Dealing with Wandering

Wandering in Dementia

Alzheimer’s disease can cause individuals to lose their ability to recognize familiar places and faces. Wandering or becoming lost and confused about location is common at any stage of dementia. Around six in ten people with dementia will wander, posing potential dangers. Caregivers and families bear the weight of this risk.

Who is at risk of wandering?

Every person with Alzheimer’s or other forms of dementia is susceptible to wandering. Signs indicating wandering risk include:
– Returning late from regular walks or drives.
– Forgetting familiar routes.
– Mentioning past obligations, like going to work.
– Desiring or attempting to “go home” even when already at home.
– Restlessness, pacing, or repetitive movements.
– Difficulty finding familiar places such as the bathroom or bedroom.
– Inquiring about the whereabouts of old friends and family.
– Engaging in hobbies or chores without accomplishing anything.
– Appearing lost or disoriented in new environments.
– Feeling nervous or anxious in crowded areas.

Reducing the risk of wandering

While no guarantee exists that a person with dementia won’t wander, the following measures can help alleviate concerns for caregivers and family members:
– Engage the person in structured, meaningful activities throughout the day.
– Identify the time of day when wandering is more likely and plan activities or exercises during that time to reduce anxiety and restlessness.
– Ensure basic needs are met, including toileting, nutrition, and hydration. Limiting liquids a few hours before bedtime may prevent nighttime bathroom visits.
– Involve the person in daily activities such as folding laundry or meal preparation.
– Offer reassurance and support if the person feels lost or disoriented.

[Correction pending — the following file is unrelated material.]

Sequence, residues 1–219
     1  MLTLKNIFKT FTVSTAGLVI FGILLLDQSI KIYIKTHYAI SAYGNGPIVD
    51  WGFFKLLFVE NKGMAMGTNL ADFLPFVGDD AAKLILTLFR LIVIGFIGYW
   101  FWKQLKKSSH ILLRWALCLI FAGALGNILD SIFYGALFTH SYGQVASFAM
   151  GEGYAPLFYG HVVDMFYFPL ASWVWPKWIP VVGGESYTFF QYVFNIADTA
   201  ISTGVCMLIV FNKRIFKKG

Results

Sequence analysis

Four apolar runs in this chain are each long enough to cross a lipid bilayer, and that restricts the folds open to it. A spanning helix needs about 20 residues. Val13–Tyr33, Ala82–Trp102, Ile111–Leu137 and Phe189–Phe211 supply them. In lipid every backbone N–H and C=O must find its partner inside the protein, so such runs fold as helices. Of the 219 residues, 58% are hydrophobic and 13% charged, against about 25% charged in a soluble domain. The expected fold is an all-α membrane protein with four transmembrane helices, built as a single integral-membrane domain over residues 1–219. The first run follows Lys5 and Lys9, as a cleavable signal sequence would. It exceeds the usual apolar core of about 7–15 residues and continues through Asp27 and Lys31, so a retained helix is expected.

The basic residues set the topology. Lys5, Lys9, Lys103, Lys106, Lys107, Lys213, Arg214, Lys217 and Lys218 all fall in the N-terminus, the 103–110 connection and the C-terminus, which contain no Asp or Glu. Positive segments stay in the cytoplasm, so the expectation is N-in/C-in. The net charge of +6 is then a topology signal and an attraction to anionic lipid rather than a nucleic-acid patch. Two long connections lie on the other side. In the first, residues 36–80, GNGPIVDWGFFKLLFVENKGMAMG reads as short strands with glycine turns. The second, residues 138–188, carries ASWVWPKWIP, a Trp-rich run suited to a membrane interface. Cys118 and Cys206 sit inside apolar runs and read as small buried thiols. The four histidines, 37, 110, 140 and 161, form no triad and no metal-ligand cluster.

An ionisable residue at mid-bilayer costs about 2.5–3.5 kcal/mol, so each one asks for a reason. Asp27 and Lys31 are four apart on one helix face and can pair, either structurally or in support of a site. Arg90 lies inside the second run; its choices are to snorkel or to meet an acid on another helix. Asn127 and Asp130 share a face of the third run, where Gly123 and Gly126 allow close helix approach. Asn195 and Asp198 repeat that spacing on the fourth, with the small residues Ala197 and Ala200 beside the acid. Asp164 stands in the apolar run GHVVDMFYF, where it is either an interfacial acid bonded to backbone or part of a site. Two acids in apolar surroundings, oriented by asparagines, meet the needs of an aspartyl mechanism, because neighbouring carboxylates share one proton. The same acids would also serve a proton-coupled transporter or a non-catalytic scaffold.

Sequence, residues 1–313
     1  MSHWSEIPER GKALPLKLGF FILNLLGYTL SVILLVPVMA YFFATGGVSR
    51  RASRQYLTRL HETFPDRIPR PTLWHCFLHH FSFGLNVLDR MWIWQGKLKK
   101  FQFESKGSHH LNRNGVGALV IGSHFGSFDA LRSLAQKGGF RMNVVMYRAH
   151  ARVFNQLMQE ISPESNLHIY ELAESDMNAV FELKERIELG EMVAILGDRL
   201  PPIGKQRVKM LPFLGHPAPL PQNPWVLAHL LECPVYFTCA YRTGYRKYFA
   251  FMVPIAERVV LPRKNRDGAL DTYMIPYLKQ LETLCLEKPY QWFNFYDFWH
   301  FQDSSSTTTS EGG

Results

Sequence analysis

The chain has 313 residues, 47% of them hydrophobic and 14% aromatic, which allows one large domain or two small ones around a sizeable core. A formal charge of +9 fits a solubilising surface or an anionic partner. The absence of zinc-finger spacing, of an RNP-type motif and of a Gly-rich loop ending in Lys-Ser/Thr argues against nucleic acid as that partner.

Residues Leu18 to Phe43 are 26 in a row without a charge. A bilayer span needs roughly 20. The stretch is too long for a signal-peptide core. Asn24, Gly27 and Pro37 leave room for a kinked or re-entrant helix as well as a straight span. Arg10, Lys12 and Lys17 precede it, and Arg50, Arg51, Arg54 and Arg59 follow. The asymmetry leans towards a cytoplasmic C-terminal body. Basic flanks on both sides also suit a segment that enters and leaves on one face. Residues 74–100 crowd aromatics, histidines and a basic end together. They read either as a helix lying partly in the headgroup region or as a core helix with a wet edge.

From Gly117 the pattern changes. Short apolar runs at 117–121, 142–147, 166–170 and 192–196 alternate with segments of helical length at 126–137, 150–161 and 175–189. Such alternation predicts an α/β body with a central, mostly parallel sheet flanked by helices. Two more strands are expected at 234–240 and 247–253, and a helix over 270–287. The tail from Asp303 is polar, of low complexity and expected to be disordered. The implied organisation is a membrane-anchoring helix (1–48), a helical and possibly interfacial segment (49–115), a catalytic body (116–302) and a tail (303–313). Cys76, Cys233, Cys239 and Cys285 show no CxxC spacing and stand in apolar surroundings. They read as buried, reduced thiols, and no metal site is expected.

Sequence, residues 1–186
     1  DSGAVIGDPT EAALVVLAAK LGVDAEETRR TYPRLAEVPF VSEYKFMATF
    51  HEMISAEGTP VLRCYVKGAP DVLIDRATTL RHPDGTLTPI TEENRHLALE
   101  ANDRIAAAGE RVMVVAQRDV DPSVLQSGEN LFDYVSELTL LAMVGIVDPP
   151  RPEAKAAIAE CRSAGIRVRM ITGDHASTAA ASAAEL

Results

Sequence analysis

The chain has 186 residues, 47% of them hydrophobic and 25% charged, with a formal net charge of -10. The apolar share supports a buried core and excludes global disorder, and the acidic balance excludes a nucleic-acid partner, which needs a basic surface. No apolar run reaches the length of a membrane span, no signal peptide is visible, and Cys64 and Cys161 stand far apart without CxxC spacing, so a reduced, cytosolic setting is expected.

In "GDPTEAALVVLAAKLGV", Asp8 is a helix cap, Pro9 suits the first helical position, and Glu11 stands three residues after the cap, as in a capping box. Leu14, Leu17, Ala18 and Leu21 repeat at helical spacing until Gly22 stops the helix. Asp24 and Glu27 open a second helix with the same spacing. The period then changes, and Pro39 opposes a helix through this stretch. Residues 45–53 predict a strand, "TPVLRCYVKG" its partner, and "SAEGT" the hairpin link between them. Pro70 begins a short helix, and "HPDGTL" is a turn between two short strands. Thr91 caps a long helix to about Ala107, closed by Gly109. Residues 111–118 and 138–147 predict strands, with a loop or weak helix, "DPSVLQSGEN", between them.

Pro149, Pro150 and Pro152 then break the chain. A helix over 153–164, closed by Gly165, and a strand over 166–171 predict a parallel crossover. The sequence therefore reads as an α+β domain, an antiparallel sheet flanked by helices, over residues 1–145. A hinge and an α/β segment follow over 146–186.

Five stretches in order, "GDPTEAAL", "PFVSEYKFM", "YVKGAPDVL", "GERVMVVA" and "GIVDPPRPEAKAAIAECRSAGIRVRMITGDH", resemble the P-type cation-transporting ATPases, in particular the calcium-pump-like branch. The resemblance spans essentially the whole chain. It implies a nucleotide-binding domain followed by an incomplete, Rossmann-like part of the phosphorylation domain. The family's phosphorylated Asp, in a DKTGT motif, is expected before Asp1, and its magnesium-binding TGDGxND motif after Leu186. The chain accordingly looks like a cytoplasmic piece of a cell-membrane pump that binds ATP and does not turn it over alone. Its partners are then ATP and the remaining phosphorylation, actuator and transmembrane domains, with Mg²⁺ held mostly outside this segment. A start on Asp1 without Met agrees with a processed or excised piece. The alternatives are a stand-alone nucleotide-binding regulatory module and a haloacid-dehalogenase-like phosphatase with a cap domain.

– If the person can still drive safely, consider using a GPS device.
– If driving is no longer an option, remove access to car keys to prevent attempts to drive.
– Avoid crowded and confusing places like shopping malls.
– Monitor the person’s response to new surroundings and avoid leaving them unsupervised in unfamiliar environments.

For individuals in the early stages of dementia and their caregivers, additional strategies to reduce the risk of wandering include:
– Establishing a set time for daily check-ins.
– Review daily schedules and appointments together.
– Identifying a companion if the primary caregiver is unavailable.
– Exploring alternative transportation options if concerns about getting lost or driving safely arise.

Planning ahead

To address the significant stress experienced by families and caregivers in the event of wandering, it is essential to have a plan in place:
– Consider enrolling the person in a wandering response service.
– Ask neighbors, friends, and family to report any sightings of the person wandering or appearing lost.
– Keep a recent, close-up photo of the person to provide to authorities if necessary.
– Familiarize yourself with the neighborhood and identify potential hazards or areas of concern.
– Create a list of places the person might wander to, such as previous workplaces, former homes, or favorite spots.

Taking action during wandering incidents If someone with dementia goes missing:
– Initiate search efforts immediately, considering the dominant hand’s direction as wandering patterns often follow it.
– Begin searching the surrounding vicinity, as many individuals are found within a 1.5-mile radius of where they disappeared.
– Check local landscapes, such as ponds, tree lines, or fence lines, as individuals may be found within brush or dense foliage.
– Search areas the person has wandered to in the past, if applicable.
– If the person is not found within 15 minutes, call 911 to file a missing person’s report, informing them about the dementia diagnosis.